FAQ Friday: How will SPOILER impact Persephone in the long run.

Question mark in a blue bubble. Repeating icon for the frequently asked questions in the Daughters of Zeus series a young adult greek mythology retelling by Kaitlin Bevis

 

Super spoilerific post for anyone who has not yet read Iron Queen. Fair warning…

A reader who just finished Iron Queen emailed the following. “This can’t be where Persephone’s story ends! The pantheon hinted that Zeus killing his parents might have been part of what drove Zeus crazy. Plus she’s a triple realm-ruler now, and she lost her mother, and Hades seemed to be a bit unhinged at the end. So what’s in store for her in the future? Are we ever going to see that?”

Short answer:

Yes.

Longer answer:

The sanity thing was just Athena speculating. Zeus was unhinged from birth. Something about his father attempting to kill him, his mother hiding him by tying him upside down to a tree for years, and spending his early years training him to kill his father. The whole slicing his dad open and rescuing his siblings thing only to find himself at once their savior and an outsider to their very tight inner circle, formed by years of being all they had in The Before was also fairly hard on his psyche.

As for the weight of ruling three realms, losing her mother? That gets explored quite a bit in the Aphrodite trilogy. Persephone’s adapting to her new role as queen of the Pantheon and her grief/trauma from everything that happens in Iron Queen. She gets a few POV chapters in Venus Rising to really emphasize that arc, but the Pantheon as a whole has to do a lot of adjusting throughout the trilogy. In the Persephone trilogy, the gods of the Pantheon were separate entities. They were used to working around each other, but they hadn’t truly worked with each other in centuries until the end of Iron Queen. Now they’re realizing they can’t just ignore each other until a big epic battle. That’s the very mentality that left them vulnerable to Zeus. There’s a lot of growing and adjusting that needs to happen.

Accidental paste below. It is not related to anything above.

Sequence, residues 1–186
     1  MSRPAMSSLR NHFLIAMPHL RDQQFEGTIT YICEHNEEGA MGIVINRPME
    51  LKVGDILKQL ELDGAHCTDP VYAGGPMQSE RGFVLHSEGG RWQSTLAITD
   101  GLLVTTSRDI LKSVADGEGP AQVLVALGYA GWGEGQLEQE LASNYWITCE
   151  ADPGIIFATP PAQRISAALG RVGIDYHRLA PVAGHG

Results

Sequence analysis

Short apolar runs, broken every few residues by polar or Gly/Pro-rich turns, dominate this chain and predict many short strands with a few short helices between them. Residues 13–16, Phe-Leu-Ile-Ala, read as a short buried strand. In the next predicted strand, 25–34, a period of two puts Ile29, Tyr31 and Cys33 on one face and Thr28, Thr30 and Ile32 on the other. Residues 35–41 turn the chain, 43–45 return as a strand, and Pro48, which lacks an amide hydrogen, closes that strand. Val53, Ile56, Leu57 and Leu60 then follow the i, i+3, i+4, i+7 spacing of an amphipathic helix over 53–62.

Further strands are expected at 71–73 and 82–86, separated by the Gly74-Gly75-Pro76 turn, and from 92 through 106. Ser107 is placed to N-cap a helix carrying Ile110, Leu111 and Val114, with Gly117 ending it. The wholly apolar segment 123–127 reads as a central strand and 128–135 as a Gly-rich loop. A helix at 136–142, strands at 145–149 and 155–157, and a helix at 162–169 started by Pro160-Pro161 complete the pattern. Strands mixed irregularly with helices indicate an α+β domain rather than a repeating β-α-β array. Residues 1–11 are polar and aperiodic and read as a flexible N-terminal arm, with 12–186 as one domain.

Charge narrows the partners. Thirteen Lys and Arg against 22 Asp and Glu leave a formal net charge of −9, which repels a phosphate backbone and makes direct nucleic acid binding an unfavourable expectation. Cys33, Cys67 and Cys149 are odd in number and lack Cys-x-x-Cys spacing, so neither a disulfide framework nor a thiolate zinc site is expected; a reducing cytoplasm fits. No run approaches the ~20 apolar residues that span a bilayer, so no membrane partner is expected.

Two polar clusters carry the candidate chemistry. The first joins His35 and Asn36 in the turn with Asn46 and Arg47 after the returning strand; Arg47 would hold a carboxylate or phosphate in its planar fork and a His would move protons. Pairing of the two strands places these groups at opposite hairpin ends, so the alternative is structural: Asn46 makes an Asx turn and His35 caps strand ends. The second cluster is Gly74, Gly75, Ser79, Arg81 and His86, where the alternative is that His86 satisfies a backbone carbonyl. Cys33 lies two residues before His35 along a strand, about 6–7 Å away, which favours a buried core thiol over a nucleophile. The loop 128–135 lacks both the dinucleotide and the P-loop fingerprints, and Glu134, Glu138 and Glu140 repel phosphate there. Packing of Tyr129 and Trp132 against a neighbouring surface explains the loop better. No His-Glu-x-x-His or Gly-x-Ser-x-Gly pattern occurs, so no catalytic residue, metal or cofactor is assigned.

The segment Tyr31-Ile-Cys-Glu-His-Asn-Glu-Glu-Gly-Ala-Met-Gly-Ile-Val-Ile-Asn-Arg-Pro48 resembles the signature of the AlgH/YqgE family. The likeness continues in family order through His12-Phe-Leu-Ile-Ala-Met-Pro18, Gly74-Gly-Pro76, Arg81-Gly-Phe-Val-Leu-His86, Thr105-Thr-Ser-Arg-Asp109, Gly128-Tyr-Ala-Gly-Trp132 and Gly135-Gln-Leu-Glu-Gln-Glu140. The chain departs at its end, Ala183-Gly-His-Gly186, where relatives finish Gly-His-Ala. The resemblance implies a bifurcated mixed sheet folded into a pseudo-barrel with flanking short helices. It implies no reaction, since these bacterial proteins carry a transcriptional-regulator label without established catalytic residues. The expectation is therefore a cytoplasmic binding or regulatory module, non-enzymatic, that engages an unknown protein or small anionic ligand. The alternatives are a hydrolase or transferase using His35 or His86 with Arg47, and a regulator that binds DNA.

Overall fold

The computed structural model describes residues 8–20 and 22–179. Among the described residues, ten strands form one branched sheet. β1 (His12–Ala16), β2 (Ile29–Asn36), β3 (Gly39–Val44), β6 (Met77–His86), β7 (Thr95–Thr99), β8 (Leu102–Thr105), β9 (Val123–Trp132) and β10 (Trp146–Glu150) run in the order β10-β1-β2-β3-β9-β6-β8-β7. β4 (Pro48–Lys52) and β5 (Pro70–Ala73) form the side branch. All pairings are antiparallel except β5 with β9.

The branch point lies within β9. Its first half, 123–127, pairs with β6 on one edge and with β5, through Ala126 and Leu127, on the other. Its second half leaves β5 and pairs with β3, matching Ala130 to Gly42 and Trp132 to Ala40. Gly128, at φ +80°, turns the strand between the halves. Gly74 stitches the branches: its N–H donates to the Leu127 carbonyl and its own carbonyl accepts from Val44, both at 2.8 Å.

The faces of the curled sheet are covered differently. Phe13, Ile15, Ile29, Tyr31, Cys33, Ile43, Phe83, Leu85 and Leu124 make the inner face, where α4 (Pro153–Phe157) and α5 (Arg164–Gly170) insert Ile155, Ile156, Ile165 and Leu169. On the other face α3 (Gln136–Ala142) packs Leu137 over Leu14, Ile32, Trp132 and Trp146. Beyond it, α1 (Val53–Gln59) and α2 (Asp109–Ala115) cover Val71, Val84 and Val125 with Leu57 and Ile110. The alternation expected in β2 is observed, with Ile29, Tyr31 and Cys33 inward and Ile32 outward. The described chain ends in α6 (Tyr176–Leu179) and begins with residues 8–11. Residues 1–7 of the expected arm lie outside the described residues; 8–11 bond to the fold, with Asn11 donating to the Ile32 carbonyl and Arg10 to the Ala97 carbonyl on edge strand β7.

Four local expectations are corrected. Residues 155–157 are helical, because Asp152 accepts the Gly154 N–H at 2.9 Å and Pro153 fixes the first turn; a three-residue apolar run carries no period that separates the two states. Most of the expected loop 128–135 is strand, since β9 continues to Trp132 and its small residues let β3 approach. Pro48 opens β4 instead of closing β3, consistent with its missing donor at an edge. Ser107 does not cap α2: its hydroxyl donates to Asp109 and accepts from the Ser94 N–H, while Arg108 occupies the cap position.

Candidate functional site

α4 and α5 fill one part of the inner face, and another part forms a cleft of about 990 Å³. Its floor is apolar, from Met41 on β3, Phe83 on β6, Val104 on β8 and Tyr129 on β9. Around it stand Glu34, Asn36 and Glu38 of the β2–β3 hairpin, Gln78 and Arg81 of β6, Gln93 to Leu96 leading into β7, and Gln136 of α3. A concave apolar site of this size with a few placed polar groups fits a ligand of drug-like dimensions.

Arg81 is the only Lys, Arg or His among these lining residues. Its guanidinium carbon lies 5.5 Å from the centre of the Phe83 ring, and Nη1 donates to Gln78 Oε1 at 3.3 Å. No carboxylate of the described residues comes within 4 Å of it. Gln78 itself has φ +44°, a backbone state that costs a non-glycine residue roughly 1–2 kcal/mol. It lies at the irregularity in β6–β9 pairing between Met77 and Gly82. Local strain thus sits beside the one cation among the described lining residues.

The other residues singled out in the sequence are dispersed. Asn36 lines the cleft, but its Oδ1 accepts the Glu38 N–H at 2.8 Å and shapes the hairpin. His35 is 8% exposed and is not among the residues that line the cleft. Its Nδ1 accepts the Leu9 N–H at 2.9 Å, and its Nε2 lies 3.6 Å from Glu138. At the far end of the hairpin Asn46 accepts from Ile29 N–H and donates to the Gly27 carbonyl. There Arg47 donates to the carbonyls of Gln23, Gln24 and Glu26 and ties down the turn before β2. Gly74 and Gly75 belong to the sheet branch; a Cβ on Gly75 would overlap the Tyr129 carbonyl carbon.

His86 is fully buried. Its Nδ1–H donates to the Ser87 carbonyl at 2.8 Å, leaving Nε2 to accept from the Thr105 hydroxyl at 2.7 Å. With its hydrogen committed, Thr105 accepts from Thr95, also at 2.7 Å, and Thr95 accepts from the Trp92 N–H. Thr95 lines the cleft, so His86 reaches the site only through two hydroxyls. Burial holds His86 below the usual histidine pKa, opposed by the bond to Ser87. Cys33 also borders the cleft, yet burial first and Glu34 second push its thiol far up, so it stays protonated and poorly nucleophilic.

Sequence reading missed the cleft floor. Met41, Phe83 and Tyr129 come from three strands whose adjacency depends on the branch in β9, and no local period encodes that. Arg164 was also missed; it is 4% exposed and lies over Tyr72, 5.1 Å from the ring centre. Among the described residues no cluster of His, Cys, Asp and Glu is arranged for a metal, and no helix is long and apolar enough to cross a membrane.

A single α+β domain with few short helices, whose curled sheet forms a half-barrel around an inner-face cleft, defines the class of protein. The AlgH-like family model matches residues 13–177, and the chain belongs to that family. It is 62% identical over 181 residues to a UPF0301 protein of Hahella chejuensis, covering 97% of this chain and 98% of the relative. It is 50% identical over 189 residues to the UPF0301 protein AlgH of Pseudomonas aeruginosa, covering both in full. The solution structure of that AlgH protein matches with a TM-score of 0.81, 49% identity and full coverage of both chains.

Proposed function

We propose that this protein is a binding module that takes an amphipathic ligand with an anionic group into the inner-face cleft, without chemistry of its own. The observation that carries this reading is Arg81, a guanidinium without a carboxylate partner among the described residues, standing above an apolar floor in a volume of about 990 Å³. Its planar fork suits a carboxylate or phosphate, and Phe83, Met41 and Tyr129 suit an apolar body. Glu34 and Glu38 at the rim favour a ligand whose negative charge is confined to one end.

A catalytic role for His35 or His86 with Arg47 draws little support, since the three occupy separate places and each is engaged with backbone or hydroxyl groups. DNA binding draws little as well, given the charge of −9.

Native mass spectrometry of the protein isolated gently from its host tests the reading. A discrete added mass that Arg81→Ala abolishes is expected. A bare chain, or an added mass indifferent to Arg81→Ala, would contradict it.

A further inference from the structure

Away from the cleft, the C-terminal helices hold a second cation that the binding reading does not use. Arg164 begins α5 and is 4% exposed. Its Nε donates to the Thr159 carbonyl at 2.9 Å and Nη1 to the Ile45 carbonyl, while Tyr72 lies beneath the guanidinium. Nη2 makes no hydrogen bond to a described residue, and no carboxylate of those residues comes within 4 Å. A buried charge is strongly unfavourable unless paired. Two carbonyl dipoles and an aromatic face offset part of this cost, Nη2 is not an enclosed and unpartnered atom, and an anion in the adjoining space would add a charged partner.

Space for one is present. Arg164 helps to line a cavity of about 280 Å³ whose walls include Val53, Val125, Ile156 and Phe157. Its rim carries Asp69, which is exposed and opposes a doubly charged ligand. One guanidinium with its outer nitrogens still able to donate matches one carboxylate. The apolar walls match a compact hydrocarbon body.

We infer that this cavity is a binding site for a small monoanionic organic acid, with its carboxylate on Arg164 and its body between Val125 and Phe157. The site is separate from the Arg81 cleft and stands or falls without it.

As for Hades…this is lightly addressed in Aphrodite, and addressed more in depth here, but broad strokes, he’s not unhinged. He’s just mildly traumatized. He went through a lot in Iron Queen. Dealing with Zeus brought up a lot of horrible memories for pretty much everyone in the Pantheon. He also felt every second of Persephone’s torture, and he had to rip her arm off, and she’s waking up from nightmares where Zeus wore his face. That’s a lot to deal with even without the fact that he’s dealing with the fact that Zeus, Demeter, and Apollo are dead. They don’t think of each other as siblings, but that is millennia of history, good and bad. Then there’s the fact that he just kind of destroyed Zeus’s soul, and there’s some emotional baggage with that. And he also witnessed one of his worst fears (that his past will hurt the people he loves), come true for Poseidon.

It’s a lot. And I included that final scene to show that what happened with Zeus didn’t just happen to Persephone. She and Aphrodite weren’t his only victims, and they aren’t the only ones who need to come to terms with the events of Iron Queen. If Hades, the guy with millennia of experience getting over horrible things and a library full of self-help books, is rattled, you can bet every other god in the entire mythology is. And that will be explored quite a bit in the Aphrodite trilogy.

 

 

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